The talks are held on Zoom every Friday 5-6 PM (Pacific Time), unless otherwise noted.
Friday, April 2 at 9 am, Shu Shen (Sorbonne University)
Title: Coherent sheaves, superconnection, and the Riemann-Roch-Grothendieck formula
Abstract : In this talk, I will explain a construction of Chern character for coherent sheaves on a closed complex manifold with values in Bott-Chern cohomology. I will also show a corresponding Riemann-Roch-Grothendieck formula, which holds for general holomorphic maps between closed non-Kahler manifolds. Our proof is based on two fundamental objects : the superconnection and the hypoelliptic deformations. This is a joint work with J.-M. Bismut and Z. Wei arXiv:2102.08129.
Friday, April 9, Demetre Kazaras (Stony Brook University)
Title: The spacetime Laplace equation on initial data sets for Einstein’s equations
This talk will consider a ‘spacetime Laplace operator’ on an initial data set for the Einstein equations. This operator reflects the geometry of the underlying manifold in a manner similar to the Dirac operator appearing in Witten’s proof of the Positive Mass Theorem. By analyzing linear-growth spacetime harmonic functions and their level sets, we obtain a rather approachable refinement of the Positive Mass Theorem for asymptotically flat 3-dimensional initial data sets. Applications to asymptotically hyperbolic initial data sets are also considered. The work I will discuss includes collaborations with Hugh Bray, Sven Hirsch, Marcus Khuri, Daniel Stern, and Yiyue Zhang.
Friday, April 14, Aleksander Doan (Columbia University and the University of Cambridge)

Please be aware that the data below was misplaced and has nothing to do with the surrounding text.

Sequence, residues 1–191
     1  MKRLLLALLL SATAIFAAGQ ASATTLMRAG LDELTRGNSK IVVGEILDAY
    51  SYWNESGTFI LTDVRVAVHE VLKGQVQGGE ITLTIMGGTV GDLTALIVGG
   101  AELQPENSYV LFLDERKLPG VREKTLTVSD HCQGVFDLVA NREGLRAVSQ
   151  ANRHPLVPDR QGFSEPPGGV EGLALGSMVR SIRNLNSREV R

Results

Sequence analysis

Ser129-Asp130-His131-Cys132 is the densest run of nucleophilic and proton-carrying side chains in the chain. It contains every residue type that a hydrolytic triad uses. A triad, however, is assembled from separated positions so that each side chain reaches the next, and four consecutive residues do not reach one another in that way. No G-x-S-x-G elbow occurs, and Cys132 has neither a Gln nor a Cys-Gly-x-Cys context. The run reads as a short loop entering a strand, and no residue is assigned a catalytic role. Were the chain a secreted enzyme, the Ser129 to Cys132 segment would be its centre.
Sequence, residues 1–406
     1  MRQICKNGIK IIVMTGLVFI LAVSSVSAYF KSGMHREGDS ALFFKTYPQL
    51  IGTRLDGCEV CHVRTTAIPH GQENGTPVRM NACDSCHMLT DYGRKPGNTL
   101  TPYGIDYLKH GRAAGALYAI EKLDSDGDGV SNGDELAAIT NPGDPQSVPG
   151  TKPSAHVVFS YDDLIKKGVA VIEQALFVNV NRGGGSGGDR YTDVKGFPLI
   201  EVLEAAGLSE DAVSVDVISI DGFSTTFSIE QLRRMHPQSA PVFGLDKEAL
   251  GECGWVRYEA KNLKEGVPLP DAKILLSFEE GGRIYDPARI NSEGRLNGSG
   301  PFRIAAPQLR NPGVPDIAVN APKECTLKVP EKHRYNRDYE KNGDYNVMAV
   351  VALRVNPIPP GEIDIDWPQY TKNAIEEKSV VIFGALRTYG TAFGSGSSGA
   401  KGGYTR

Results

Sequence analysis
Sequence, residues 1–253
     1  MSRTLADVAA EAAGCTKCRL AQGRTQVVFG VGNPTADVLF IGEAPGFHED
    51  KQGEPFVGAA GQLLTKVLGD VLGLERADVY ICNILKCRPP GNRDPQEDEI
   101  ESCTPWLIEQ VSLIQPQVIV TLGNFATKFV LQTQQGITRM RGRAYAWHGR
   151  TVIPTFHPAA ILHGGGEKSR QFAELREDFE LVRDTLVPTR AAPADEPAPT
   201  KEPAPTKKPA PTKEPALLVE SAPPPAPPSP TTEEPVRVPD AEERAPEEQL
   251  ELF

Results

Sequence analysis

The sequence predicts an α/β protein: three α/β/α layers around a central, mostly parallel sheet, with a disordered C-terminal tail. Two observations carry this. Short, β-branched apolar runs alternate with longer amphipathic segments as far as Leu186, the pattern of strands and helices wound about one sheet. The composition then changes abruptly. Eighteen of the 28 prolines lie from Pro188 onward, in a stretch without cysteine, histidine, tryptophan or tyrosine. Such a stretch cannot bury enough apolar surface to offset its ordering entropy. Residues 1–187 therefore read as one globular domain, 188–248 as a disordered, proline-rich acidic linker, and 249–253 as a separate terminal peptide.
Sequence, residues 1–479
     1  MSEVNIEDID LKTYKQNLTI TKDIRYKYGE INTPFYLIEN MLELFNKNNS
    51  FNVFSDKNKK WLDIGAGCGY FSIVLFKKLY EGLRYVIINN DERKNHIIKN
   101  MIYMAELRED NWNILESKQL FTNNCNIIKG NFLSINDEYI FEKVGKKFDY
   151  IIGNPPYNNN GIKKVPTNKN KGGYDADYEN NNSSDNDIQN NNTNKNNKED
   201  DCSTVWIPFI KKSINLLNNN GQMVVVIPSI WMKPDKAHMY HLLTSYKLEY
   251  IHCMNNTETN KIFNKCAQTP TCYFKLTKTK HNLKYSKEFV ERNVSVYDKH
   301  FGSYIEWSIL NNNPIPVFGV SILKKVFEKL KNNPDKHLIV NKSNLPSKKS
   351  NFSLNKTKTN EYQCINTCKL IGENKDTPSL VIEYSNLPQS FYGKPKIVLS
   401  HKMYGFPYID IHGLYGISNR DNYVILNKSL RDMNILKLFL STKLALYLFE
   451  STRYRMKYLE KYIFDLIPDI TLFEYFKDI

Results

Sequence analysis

Title: The Gopakumar-Vafa finiteness conjecture
Abstract: The Gopakumar-Vafa conjecture concerns the Gromov-Witten invariants of symplectic manifolds of dimension six. The first part of the conjecture, the integrality conjecture, which was proved recently by Ionel and Parker, asserts that the Gromov-Witten invariants can be expressed in terms of simpler, integer invariants called the BPS numbers. The second part of the conjecture, the finiteness conjecture, predicts that only finitely many of the BPS numbers are nonzero for every homology class. In this talk, based on joint work with E. Ionel and T. Walpuski, I will discuss a proof of the second part of conjecture. The proof combines ideas from the theory of pseudo-holomorphic curves, including Ionel and Parker’s proof of the integrality conjecture, and methods of geometric measure theory, especially Allard’s regularity theorem for currents with bounded mean curvature.
Friday, April 23, Jikang Wang (Rutgers University, New Brunswick)
Title: Ricci limit spaces are semi-locally simply connected
Abstract: In this talk, we will discuss local topology of a Ricci limit space , which is the pointed Gromov-Hausdorff limit of a sequence of complete -manifolds with a uniform Ricci curvature lower bound. I will show that is semi-locally simply connected, that is, for any point , we can find a small ball such that any loop in is contractible in . We will also discuss a slice theorem for pseudo-group actions on the Ricci limit space and how to use this slice theorem to construct a homotopy map on the limit space. Partial of this material is joint work with Jiayin Pan.
Friday, April 30, Ruobing Zhang (Princeton University)
Title: Collapsing geometry of Ricci-flat Kaehler manifolds in dimension four
Abstract: We will present recent studies on the Ricci-flat Kaehler 4-manifolds in the collapsed setting. We will particularly introduce, from metric geometric point of view, some structure theorems on their Gromov-Hausdorff limits and the possible rescaling limits.